Astrophysics

The infant universeAn all-sky picture of the infant universe revealing 13.77 billion-year-old temperature fluctuations (shown as color differences) that correspond to the seeds that grew to become the galaxies. (Credit: NASA/WMAP Science Team)

Astrophysics is a branch of astronomy that explores the physical properties of the cosmos and its composition. Astrophysicists study a broad range of topics, from the tiniest particles of matter and the forces that join them together to the grandest of celestial structures. In essence, astrophysics extends the workings of physics and chemistry that we experience directly here on Earth into the vastness of space. It is both an observational and theoretical science. To probe the universe's past, present and future, astrophysicists have built some of the most complex and precise machines in the world, including terrestrial and space-based telescopes tuned to various wavelengths. The continued seeking of new discoveries is constantly pushing the limits of telescope and model-building technology. 

The Search for Dark Matter (Sidebar)

Dec 13, 2012

What is dark matter? We don’t know, but cosmologists, astrophysicists and experimental particle physicists say they are closing in on an answer. Read a short explanation of what scientists consider the leading candidate, as well as the methods being used to detect dark matter.

Are We Closing In On Dark Matter?

Dec 05, 2012

As the search for dark matter intensifies, a colloquium brought together cosmologists, particle physicists and observational astrophysicists --- three fields now united in the hunt to determine what is dark matter.

Discovering Dark Matter: A Conversation with Roger Blandford

Dec 04, 2012
Roger Blanford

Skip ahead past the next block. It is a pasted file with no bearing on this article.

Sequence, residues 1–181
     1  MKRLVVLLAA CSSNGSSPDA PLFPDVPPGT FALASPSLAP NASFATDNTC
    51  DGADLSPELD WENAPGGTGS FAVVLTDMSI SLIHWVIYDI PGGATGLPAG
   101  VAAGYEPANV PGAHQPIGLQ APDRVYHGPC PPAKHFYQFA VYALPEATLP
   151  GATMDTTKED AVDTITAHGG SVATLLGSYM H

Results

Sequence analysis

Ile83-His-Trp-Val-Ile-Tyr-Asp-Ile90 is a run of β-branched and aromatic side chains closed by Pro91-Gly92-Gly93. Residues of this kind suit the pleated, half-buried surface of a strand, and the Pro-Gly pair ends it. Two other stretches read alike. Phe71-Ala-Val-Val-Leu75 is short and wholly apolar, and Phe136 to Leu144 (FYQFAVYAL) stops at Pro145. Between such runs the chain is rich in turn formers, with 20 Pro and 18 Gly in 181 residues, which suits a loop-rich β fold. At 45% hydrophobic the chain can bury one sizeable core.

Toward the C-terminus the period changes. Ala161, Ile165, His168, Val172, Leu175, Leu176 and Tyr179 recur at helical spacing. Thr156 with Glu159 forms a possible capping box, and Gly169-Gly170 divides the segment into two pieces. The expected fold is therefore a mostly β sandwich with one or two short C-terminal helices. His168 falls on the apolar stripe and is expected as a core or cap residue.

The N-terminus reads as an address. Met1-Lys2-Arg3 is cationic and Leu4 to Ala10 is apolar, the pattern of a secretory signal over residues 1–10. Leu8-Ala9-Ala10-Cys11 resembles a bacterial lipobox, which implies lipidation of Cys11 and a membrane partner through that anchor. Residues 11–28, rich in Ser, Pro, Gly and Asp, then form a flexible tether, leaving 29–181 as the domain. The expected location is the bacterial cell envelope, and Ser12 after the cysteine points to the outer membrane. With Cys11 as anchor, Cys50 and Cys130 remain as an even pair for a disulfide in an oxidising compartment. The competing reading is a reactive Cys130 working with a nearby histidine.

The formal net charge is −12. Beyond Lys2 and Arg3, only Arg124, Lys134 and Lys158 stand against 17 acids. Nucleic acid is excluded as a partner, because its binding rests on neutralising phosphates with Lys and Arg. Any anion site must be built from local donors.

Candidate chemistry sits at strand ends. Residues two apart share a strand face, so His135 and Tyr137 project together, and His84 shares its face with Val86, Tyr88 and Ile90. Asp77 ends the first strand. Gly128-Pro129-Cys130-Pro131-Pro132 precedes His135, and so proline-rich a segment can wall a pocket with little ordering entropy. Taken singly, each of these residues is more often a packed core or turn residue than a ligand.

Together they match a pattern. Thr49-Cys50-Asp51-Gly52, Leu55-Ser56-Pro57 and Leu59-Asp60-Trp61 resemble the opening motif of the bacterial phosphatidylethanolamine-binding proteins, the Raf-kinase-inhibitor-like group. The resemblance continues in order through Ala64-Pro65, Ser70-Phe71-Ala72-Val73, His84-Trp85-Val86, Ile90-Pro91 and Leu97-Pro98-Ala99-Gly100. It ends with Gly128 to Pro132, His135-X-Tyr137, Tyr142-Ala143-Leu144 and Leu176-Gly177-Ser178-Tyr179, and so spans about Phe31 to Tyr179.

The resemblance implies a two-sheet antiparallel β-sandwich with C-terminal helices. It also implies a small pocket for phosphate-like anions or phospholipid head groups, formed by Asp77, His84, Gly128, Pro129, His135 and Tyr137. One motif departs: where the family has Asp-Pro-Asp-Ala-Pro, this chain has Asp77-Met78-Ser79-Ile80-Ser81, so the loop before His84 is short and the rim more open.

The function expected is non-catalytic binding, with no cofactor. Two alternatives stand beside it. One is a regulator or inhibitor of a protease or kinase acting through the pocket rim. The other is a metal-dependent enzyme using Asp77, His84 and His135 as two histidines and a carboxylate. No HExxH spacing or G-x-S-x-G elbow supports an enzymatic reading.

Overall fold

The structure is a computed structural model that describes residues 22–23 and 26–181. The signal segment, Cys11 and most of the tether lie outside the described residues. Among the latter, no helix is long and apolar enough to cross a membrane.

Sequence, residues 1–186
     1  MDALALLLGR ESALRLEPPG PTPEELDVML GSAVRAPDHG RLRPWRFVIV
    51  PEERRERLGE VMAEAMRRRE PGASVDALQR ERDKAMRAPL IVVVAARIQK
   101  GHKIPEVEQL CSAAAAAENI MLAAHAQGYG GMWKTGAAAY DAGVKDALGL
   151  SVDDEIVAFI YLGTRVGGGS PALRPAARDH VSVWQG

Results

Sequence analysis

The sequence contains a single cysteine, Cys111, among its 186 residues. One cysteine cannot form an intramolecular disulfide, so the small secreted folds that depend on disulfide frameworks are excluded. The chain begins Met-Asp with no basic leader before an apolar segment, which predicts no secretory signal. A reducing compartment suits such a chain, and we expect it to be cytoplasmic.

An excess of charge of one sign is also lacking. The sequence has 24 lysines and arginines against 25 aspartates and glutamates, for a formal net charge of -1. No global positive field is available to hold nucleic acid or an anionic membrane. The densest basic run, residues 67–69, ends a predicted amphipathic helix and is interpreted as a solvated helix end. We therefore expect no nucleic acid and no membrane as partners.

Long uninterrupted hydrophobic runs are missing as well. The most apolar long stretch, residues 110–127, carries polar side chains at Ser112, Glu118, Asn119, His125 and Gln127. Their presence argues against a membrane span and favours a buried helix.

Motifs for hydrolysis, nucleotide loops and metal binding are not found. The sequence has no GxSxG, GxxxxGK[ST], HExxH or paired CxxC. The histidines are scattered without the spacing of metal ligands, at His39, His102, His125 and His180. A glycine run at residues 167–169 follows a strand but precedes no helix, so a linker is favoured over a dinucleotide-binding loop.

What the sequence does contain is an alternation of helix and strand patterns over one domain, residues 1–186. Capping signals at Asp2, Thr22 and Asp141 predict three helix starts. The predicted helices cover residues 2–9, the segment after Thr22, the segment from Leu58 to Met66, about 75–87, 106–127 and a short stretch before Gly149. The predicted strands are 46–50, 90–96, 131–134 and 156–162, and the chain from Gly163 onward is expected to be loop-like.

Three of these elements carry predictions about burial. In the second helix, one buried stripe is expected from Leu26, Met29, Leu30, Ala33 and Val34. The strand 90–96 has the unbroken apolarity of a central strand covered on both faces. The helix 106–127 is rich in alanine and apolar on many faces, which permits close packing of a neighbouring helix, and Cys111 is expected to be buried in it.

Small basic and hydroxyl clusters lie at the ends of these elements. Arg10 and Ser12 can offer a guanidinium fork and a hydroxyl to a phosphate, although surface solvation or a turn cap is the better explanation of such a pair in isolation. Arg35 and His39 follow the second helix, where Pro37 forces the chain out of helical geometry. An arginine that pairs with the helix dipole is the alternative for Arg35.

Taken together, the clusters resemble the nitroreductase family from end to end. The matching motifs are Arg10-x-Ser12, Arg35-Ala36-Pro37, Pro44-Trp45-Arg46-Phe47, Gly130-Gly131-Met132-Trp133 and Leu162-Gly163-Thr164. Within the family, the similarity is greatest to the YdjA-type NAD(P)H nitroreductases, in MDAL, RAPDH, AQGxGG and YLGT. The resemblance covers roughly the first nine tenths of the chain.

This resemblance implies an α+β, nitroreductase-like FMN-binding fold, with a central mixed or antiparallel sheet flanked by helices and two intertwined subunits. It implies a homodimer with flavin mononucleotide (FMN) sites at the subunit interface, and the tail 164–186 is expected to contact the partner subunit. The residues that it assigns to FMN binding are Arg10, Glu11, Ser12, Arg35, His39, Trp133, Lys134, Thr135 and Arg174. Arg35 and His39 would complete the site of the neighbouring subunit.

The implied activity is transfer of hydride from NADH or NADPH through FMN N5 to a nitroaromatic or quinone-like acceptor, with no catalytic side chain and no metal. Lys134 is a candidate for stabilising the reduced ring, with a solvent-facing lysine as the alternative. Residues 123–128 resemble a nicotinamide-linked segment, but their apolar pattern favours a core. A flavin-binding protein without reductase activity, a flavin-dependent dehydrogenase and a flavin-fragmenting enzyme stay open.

KIPAC DIrector Roger Blandford discusses the recent meeting "Dark Matter Universe: On the Threshold of Discovery," which brought together astrophysics, cosmologists and particle physicists about the state of discovering dark matter.

Afterglow: Dispatches from the Birth of the Universe

Oct 31, 2012

Lawrence M. Krauss, John C. Mather, Amber Miller, Lyman Page and David Spergel discuss how the cosmic background radiation is poised to reveal a host of bold questions about the cosmos.

Shining a Light on Dark Galaxies

Oct 05, 2012
The sky around the quasar HE0109-3518

Dark galaxies – galaxies with few if any stars and made predominately of dense gas – have been impossible to detect directly until now. Members of an international team of astronomers discuss their discovery and the place these galaxies hold in the universe.

Spotlight Live: Hubble's eXtreme View

Sep 26, 2012
Cambridge

Pascal Oesch, a Hubble Fellow at the University of California at Santa Cruz, and Michele Trenti of the Kavli Institute of Cosmology, University of Cambridge, discuss the Hubble telescope deepest ever image of the universe.

Phoenix Rising: A Galaxy Cluster That's Breaking Cosmic Records

Aug 13, 2012
Pheonix cluster

On the eve of their NASA press conference, Michael McDonald, Kavli Institute for Astrophysics and Space Research at MIT, and Bradford Benson, Kavli Institute for Cosmological Physics, University of Chicago, discuss the discovery of the Phoenix Cluster -- a galaxy cluster for the record books.

2012 Kavli Prize in Astrophysics: A Discussion with Michael Brown and David Jewitt

Aug 02, 2012

Two winners of the 2012 Kavli Prize in Astrophysics reflect on the discovery of the Kuiper Belt at the outer edges of the solar system, the excitement of exploring a frontier long thought empty, and what the episode over reclassifying Pluto says about the public’s perception of science.

"Dark Matters" - Incredible Simulations of an Invisible Universe

Jul 06, 2012

At the Kavli Institute for Particle Astrophysics and Cosmology, scientists are using massive computer simulations to create 3-D movies that reveal the mysteries of the universe in ways that almost let you reach out and grasp entire galaxies... and from any angle.

Spotlight Live: Nomads of the Galaxy

An artistic rendition of a nomad object wandering the interstellar medium. The object is intentionally blurry to represent uncertainty about whether or not it has an atmosphere. A nomadic object may be an icy body akin to an object found in the outer Solar System, a more rocky material akin to asteroid, or even a gas giant similar in composition to the most massive Solar System planets and exoplanets. (Image by Greg Stewart/SLAC)
May 15, 2012
Stanford

Planets adrift in space may not only be common in the cosmos; in the Milky Way Galaxy alone, their number may be in the quadrillions.  Standford astrophysicist Louis Strigari talks about these nomadic wanderers after a recent research paper that generated attention when it greatly increased the estimate for the number of these planets, renewing speculation about life beyond Earth.

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